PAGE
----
Nayoung Aimee Kwon
Associate Professor in the Department of Asian and Middle Eastern Studies
Nayoung Aimee Kwon is Associate Professor in the Department of Asian & Middle Eastern Studies, the Program in Gender, Sexuality, and Feminist Studies and the Program in the Arts of the Moving Image. Her research areas include literary criticism and translation studies; film and media studies; intellectual history; postcolonial theory; gender and sexuality, with particular focus on inter-Asian and transpacific (Asian/American) cultural encounters. Her current research examines the contested politics of cultural memories, with particular focus on historical conflicts and their legacies in East Asia and the Asia-Pacific. Select publications include Intimate Empire, published by Duke University Press (Korean translation from Somyŏng Press) which examines the forgotten lure of the imperial language in the contested colonial history between Korea and Japan, Antinomies of the Colonial Archive (co-edited with Takashi Fujitani) which explores colonial-era cinematic co-productions and contested postcolonial legacies in East Asia, and various articles in journals such as Journal of Asian Studies, Postcolonial Studies, Social Text, Cross-Currents. With collaborators at Duke University and TNO/University of Netherlands, she is developing a hybrid platform infinite strategy game (ISG) about historical conflicts. She is a translator of literature and manhwa/manga from Korean and Japanese into English, and co-director of Duke Engage South Korea, a program working with refugees and migrants. Her research and teaching interests also include inter-Asian and transpacific transcultural co-productions (literature, film, theater); literary and filmic exchanges; theories of empire, translation, and postcoloniality; globalization and transpacific migrations and cultural flows between Asia and America. She has taught at UCLA, Arizona State University, and Duke Kunshan University.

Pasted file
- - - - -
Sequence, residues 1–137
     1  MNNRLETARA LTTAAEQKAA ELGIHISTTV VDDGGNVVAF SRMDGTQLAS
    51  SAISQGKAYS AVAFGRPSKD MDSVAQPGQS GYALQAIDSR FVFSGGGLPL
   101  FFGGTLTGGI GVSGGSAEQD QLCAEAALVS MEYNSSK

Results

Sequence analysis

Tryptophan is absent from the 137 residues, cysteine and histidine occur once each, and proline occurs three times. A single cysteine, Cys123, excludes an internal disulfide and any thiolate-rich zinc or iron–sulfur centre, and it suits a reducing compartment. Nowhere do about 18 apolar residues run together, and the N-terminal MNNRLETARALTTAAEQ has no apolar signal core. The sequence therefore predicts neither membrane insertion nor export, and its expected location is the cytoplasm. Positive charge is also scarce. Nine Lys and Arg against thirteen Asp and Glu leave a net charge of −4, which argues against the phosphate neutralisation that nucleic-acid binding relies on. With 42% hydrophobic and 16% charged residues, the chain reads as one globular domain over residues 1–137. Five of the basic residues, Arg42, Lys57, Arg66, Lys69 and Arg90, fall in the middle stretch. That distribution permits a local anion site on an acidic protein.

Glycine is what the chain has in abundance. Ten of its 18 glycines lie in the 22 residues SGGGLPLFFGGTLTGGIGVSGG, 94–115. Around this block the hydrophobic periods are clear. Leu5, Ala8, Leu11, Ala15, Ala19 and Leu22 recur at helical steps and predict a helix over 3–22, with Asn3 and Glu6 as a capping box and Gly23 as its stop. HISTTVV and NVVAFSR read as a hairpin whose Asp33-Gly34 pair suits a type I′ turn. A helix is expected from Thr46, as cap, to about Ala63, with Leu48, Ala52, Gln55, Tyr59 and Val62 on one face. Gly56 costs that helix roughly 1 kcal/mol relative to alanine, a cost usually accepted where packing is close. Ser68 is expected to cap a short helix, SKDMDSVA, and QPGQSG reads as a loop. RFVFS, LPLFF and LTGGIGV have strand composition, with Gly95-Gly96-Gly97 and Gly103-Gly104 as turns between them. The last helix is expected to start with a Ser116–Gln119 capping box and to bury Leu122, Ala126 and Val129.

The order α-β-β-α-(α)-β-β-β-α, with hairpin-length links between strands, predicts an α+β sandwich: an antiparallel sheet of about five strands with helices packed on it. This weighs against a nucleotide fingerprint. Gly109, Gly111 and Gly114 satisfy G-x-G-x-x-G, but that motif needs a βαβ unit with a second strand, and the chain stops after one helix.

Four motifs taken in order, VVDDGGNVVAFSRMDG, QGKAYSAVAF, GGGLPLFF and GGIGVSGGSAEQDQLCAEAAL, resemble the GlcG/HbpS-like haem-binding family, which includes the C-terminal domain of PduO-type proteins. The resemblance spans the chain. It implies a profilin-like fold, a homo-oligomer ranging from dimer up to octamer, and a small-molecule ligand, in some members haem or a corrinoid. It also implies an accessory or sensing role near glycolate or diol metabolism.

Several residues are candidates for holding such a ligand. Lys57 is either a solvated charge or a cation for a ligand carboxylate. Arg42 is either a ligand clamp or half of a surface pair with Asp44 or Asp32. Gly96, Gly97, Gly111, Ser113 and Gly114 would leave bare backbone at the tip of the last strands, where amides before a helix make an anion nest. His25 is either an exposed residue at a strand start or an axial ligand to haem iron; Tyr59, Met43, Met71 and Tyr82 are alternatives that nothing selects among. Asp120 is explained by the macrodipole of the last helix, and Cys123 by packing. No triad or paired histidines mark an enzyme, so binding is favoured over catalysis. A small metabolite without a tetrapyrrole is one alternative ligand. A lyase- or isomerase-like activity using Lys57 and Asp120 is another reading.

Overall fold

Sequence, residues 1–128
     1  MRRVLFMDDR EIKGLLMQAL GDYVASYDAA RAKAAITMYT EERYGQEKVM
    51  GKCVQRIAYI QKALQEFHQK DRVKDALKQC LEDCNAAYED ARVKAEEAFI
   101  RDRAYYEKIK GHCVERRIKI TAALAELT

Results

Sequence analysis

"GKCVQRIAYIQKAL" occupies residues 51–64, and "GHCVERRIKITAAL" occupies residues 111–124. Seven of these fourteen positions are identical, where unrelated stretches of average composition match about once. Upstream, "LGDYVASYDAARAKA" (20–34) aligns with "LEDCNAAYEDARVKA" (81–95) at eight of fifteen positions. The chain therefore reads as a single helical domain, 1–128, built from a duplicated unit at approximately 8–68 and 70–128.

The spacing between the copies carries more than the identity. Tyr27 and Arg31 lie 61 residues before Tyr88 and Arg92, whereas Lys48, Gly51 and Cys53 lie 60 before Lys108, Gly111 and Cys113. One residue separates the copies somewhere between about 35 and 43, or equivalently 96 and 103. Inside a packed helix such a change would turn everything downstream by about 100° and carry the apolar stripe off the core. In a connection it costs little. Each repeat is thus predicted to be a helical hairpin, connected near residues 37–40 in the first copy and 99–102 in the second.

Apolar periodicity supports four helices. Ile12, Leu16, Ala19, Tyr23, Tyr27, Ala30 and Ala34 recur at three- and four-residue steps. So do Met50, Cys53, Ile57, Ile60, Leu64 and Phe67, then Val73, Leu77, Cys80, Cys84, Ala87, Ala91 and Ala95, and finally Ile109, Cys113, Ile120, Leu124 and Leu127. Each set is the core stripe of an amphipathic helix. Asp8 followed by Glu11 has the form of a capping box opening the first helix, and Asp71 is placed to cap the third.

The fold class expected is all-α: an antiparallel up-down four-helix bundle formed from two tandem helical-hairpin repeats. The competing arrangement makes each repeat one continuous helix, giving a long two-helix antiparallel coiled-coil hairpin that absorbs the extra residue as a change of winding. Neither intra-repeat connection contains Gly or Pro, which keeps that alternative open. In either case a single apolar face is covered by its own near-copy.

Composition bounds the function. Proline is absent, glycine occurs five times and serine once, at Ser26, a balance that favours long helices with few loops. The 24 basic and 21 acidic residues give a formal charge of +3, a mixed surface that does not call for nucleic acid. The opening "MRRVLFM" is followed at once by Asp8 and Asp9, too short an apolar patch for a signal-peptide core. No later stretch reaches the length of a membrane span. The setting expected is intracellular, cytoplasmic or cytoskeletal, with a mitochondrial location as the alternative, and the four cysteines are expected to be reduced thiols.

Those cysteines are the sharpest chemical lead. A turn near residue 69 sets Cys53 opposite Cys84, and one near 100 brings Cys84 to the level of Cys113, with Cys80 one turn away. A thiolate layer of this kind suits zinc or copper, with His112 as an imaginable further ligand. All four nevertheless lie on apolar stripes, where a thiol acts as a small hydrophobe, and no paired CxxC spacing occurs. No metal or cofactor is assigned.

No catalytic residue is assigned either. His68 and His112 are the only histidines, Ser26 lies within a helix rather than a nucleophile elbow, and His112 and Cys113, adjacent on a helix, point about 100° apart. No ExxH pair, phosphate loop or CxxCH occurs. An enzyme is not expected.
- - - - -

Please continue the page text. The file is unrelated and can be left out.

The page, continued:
Kwon, Nayoung Aimee. “Images of Korea in Japanese Literature.” Imperatives of Culture: Selected Essays on Korean History, Culture, and Society from the Japanese Colonial Era, University of Hawaii Press, 2013.
Kwon, Nayoung Aimee, and Nayoung Aimee translator. “Foreign Husband.” Into the Light: Anthology of Resident Korean Literature, edited by Melissa Wender, University of Hawaii Press, 2010.
Kwon, Nayoung. “Roundtable on the ‘Future of Colonial Korean Culture’: Assimilating Korea and the Censorship of Conflicting Desires.” Re-Reading of the Colonial Period in Korea, 2007.
Kwon, N. A. “Japanophone literature? A transpacific query on absence.” Mfs Modern Fiction Studies, vol. 64, no. 3, Sept. 2018, pp. 537–58. Scopus, doi:10.1353/mfs.2018.0041. Full Text Open Access Copy
Kwon, Nayoung Aimee. “It's Madness: The Politics of Mental Health in Colonial Korea. By Theodore Jun Yoo . Oakland: University of California Press, 2016. 248 pp. ISBN: 9780520289307 (cloth)..” The Journal of Asian Studies, vol. 76, no. 3, Cambridge University Press (CUP), Aug. 2017, pp. 819–21. Crossref, doi:10.1017/s0021911817000699. Full Text
Kwon, N. A. “Disavowal and Intimacy.” Sanghŏ Hakpo, vol. Vol 49, no. 1, 2017.
Kwon, Nayoung Aimee. “The Proletarian Wave: Literature and Leftist Culture in Colonial Korea 1910–1945 by Sunyoung Park.” Harvard Journal of Asiatic Studies, vol. 76, no. 1–2, Project Muse, 2016, pp. 266–69. Crossref, doi:10.1353/jas.2016.0017. Full Text
Kwon, N. A. “Conflicting nostalgia: Performing the tale of ch'unhyang (æ̃¥é™å) in the japanese empire.” Journal of Asian Studies, vol. 73, no. 1, Jan. 2014, pp. 113–41. Scopus, doi:10.1017/S002191181300168X. Full Text
Kwon, N., and Nayoung Aimee Kwon. “What/Where is Decolonial Asia?.” Social Text, July 2013.
Kwon, Nayoung Aimee. ““Collaboration, Coproduction, Code-Switching.”.” Cross Currents: East Asian History and Culture Review, Dec. 2012.
Kwon, NA. "PRIMITIVE SELVES: Koreana in the Japanese Colonial Gaze, 1910-1945, vol 5." PACIFIC AFFAIRS 85.1 (March 2012): 211-214. (Review)
Kwon, N. A. “Colonial modernity and the conundrum of representation: Korean literature in the Japanese empire.” Postcolonial Studies, vol. 13, no. 4, Dec. 2010, pp. 421–39. Scopus, doi:10.1080/13688790.2010.524883. Full Text